In my country it’s unusual to do things for yourself, always it’s your parents helping you. I didn’t wash my clothes all the time, my mum always put them in the washing machine. But one day I was meeting my friends, I was getting ready to go and I looked at my wardrobe. All the clothes were dirty. What could I do? I went to my mum and said, ‘Why are my clothes all dirty?’ She said, ‘I will wash them if you tell me where they are. One of them is under the sofa, one of them is under somewhere else. When you come back you just throw them, you mischievous boy.’
But then she said, ‘I have bought a jumper for you, a new one. Do you want to wear it today?’ She gave it to me, but it was too big. I wear a small or medium sometimes, but she bought a large one. But I had no choice. I wore it and I went to meet my friends. I felt so embarrassed. All my friends asked, ‘What are you wearing?’
But now I look after myself very well. You know it’s hard when you go to a different country. You have no skills, you have nothing. It’s so hard to start from scratch. You have to learn how to cook. I know it’s easy to wash clothes, but you aren’t used to it. Also how to take responsibility, how to control your life, so many things. Because you don’t care about these things when you are a child, when you are younger.
In Sudan, I used to wear a jalabiya and a scarf. I just came here last year and haven’t seen them here. Still now. Now I wear just trousers and a t-shirt or shirt. I like wearing jalabiya, but here I didn’t find them. Because I’m new here I don’t know if they are here or not. A jalabiya is very long, with a scarf. It can be any colour. I liked to wear it in white or black.
Abdullah Muhammed, Sudan
My mum told me when I was three, or below five years because I didn’t know anything when I was three, she told me a story about my dad. After Ramadan, he used to buy us Ramadan clothes. We used to wear the same kind, all of us. He was a rich man. He wanted people to know that we could all wear the same clothes. If we are going to wear blue, everyone will wear blue. But after the Eid prayer, he would tell us to take off the clothes because they were expensive, and keep it again for next Ramadan. That’s what my mum told me when I was three.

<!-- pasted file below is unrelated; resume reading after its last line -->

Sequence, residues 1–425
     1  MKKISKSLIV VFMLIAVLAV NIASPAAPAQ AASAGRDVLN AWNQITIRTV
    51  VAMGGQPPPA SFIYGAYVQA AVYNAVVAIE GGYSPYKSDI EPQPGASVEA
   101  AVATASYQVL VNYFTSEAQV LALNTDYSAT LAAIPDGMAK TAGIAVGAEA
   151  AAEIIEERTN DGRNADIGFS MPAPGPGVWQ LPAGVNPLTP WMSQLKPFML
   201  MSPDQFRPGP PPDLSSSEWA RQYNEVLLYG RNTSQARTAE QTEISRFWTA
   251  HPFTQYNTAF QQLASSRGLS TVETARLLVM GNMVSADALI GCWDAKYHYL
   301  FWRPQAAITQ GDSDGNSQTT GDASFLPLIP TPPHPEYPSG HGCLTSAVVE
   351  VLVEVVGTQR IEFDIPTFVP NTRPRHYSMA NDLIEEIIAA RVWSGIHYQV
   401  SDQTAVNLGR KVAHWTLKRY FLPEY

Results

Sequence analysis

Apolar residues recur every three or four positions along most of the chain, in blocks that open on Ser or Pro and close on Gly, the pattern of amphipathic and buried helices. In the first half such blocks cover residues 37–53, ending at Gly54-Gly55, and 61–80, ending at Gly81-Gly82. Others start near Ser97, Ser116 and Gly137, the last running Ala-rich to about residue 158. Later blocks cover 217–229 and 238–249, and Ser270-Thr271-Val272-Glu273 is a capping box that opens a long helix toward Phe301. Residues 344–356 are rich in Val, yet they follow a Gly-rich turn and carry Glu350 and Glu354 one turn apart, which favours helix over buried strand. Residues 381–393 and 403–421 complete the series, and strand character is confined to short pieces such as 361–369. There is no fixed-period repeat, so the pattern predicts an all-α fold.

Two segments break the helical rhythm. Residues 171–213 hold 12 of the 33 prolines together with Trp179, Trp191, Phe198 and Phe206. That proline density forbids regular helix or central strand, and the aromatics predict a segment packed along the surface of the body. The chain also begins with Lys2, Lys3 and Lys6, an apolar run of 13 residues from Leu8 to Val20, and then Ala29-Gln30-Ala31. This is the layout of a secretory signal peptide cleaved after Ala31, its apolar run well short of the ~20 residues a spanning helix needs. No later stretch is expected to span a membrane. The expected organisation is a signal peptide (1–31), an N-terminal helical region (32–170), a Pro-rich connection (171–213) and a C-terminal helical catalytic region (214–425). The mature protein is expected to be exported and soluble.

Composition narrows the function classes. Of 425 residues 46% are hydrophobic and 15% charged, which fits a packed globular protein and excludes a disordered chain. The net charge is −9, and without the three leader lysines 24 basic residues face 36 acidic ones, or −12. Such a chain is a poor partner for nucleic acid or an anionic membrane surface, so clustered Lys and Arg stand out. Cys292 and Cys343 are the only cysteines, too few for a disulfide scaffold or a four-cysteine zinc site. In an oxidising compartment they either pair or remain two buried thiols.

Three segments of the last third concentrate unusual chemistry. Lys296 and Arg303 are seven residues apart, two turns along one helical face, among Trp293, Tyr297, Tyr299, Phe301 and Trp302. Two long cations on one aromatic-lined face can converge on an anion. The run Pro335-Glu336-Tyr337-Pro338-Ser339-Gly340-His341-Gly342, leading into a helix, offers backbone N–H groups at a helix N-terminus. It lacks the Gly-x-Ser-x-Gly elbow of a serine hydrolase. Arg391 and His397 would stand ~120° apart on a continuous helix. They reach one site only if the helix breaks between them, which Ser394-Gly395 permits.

Mohamed-Alie, Sierra Leone
When we told stories about our favourite sweet treats with Phosphoros Theatre during lockdown, mangoes emerged as a definite favourite. Listen to some of of our stories here.
The Purple Shoes
I remember the days when I used to buy a lot of shoes that weren’t comfortable. I liked all types: sandals, boots, flat shoes. I even had one pair of sports shoes, but when I moved to London, those shoes were broken. I think they were tired of being used all the time.
Then my boyfriend bought me some purple sports shoes. I loved the colour. They were beautiful and so comfy. I started wearing them all the time. I wore them in the summer. And in the winter, even though I had to put on two pairs of socks because my feet were too cold.
I think they started feeling a little bit tired, so I saved them in the box for a while. But I think they missed me. I’ve started wearing them again since I’ve been spending more time at home, working in my flat. They are so warm and so comfortable. They make me feel like home.
Laura – Venezuela
This story is about a brooch, a little cameo. A cameo is a brooch which has a cutout of a white female on a dark background and this one, my great-grandmother used to wear. In fact, I have a photograph. So this brooch belonged to my great-grandmother and was a big passed-down family treasure.
This grandmother actually brought up my mum, because my mum couldn’t be brought up by her own mother. So this grandmother was a very important person in my mother’s life.
In 1939, the Second World War started and my mother who was then 16 had to leave Czechoslovakia, because she was Jewish. And she was lucky that she got the chance to escape. My great-grandmother gave her this brooch and the photograph to take with her, together with a little album with other family photos and a small case of her clothes. That was all she was allowed to take.
My great-grandmother, as well as my grandmother and others, died in the Holocaust. So when my mum came back home in 1945, there was no family left. My mum had that brooch throughout the war and throughout my childhood and I used to play with it.
Then in 1978 I came to England and my mum kept that treasure. Until, before she died, she came to England for my 50th birthday and she brought this brooch and she gave it to me for my daughters.
Anyway it was the last time I saw my Mum and I kept this brooch in a safe place in our house. And then one day the thieves came and took the brooch and that was the end of it. But I do have the photograph of my great-grandmother wearing the brooch.
Eva – Czechoslovakia
Thanks to William Morris Big Local for supporting our work during Refugee Week